As of Tuesday, June 12, 2018
The fun is not quite over, but what a week it was in the “Big Build” of the Hood River Children’s Park play structure.
The 200-plus people who spent time, some of them every day, helping with the project, deserve a big thank-you from the community. (See pages B1, B5 and B10 for photos and coverage of the June 4-10 project.)
Builders and others took time off from their jobs to give guidance and grunt work, people spent what amounted to their weekends or evenings devoted to the project and students gave up afternoons. People from Stevenson to The Dalles came and helped out. These are just a few examples of the deep and wide-ranging levels of service given in the interest of the park.
The reality is that the park is 85 percent complete, slightly less than organizers had hoped by week’s end. Another three-day push will be needed soon, with designer Play By Design back in town again, but that has not been scheduled. Also, the grand re-opening of the park is likely pushed back into sometime in July.
Those who volunteered described the work as hard, but fun, and many of those folks will surely be back to help finish the project. But it provides an opportunity for any of us who did not get a chance to haul boards, cut and connect them, or any of the myriad tasks involved in this impressive project, to get in on the last phase.
The Children’s Park build was long-awaited after an equally generous community fundraising effort. It was part barn-raising and part bee-hive in terms of the goodwill and community dedication at work. The way people have rallied around the project by giving financially or by sweat equity, is a testament to what this community can do, and often does.
“It’s Hood River. It’s Hood River,” said builder and project volunteer Tom Modrich at Monday’s City Council meeting, where City Council Member and project liaison Megan Saunders was recognized for her efforts, as were city staff including Public Works Director Mark Lago and foreman Travis Pease.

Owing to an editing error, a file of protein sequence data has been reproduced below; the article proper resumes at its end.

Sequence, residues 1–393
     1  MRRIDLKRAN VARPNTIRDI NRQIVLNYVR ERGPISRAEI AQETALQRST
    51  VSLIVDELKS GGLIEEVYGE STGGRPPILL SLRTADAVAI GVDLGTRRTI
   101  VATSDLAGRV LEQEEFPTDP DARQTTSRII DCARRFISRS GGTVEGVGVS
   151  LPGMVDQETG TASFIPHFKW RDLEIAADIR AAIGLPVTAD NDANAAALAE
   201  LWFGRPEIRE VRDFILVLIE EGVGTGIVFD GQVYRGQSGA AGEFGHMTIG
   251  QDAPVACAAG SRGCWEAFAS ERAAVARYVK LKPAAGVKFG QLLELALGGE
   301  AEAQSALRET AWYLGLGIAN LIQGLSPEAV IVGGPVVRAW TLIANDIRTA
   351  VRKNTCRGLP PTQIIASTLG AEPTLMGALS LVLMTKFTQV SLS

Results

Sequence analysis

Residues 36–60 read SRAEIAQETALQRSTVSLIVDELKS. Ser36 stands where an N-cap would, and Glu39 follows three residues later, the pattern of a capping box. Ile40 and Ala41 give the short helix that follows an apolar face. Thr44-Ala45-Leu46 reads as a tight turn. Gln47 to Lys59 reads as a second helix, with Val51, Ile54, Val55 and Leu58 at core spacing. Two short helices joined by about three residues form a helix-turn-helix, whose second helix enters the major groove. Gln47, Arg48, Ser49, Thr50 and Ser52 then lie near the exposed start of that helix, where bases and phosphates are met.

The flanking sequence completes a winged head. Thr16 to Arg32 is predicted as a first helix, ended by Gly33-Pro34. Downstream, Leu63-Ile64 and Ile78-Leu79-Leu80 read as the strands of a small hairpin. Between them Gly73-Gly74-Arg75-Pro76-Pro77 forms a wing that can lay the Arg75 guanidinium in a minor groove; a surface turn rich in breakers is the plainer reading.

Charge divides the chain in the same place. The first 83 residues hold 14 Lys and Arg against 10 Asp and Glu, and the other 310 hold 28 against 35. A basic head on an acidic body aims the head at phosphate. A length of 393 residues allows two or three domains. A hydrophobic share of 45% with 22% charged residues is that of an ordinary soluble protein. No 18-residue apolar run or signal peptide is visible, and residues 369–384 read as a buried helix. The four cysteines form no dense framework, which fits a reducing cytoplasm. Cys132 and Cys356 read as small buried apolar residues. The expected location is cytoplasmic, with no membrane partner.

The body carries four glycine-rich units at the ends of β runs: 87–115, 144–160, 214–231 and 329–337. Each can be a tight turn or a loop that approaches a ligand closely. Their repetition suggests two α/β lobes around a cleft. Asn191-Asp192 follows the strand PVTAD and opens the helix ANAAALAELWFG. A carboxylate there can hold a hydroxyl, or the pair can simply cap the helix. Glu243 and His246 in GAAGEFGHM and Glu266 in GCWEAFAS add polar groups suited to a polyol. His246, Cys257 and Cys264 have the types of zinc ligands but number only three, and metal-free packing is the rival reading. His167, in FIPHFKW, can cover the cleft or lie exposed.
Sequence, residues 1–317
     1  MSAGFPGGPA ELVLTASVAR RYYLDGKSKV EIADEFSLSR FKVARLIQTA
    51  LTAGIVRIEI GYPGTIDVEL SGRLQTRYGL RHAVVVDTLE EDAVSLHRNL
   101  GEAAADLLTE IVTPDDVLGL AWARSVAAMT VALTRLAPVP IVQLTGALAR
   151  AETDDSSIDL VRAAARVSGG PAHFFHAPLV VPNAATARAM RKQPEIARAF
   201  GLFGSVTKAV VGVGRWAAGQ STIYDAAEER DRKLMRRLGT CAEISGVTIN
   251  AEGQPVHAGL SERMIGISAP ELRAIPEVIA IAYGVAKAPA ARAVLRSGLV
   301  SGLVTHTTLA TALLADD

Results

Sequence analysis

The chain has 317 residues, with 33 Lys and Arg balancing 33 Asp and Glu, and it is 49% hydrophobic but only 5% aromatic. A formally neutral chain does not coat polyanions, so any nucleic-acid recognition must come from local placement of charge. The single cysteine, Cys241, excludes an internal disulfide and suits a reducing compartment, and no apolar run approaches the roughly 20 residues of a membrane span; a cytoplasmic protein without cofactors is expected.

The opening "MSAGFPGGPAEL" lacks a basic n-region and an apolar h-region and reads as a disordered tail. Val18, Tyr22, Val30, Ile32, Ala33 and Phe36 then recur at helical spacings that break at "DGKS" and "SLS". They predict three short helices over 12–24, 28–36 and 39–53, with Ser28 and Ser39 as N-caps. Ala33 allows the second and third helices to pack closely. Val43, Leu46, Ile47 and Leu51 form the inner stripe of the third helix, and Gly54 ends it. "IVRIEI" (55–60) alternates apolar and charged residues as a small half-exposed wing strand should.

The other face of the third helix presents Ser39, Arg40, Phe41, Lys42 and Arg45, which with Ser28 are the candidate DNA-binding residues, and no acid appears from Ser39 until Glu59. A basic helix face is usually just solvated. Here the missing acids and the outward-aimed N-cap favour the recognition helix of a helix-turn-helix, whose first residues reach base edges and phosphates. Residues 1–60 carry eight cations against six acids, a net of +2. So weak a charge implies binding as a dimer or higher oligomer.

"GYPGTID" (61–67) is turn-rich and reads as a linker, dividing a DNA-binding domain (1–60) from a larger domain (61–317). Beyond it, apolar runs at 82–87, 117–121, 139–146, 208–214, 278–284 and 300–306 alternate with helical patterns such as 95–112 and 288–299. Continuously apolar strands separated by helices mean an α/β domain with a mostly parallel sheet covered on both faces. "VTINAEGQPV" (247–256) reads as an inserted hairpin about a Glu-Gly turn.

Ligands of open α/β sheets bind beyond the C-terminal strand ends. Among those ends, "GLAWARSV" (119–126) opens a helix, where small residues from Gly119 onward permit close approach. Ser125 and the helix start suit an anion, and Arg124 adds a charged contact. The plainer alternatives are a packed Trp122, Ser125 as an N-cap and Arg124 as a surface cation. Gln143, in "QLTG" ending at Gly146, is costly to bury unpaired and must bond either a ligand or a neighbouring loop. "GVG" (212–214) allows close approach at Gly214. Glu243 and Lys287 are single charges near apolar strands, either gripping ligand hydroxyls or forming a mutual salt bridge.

Part of the beauty of the expanded park play structure is that is resembles the former structure in general appearance, but is larger and provides new and safer surfaces as well as more of them. Just wait until kids, and their parents, get to try the added slides and other features that provide fun as well as exercise and a place for families to be together.
Saunders had this to say: “All of the community volunteers who have come out for the project have been absolutely amazing. The work they have done is incredible. And it continues to be such fun to see everyone working together to create our beautiful park.”
And the words of builder Don Wanzek speak to the way the project connected people across many walks of life: “It’s been fun, great working with all these local people, putting names with faces.”
Mark Zanmiller, who with his wife, Kym, were actively involved in the first community build in 1992 and again this year, noted that the same sharing spirit prevailed with the 2018 “Big Build.”
With that, we anticipate an exciting feature of the reborn park, a new mural created by children under the guidance of MacRae Wylde and Arts in Education in the Gorge. It will go up after improvements are completed to the Rotary Club-sponsored Gibson basketball play structure, next to the playground, where the mural will be installed.
See the June 16 edition for more photos of the mural, a 10-by-20-foot work that features kids’ painting of the older structure, overlain with the actual name pickets from the original structure. These are the last vestiges of the original structure, and serve as a bridge, a physical symbol that will stand for years overlooking the new park.
Both old and new serve as reminders of what this community is capable of doing when it works together.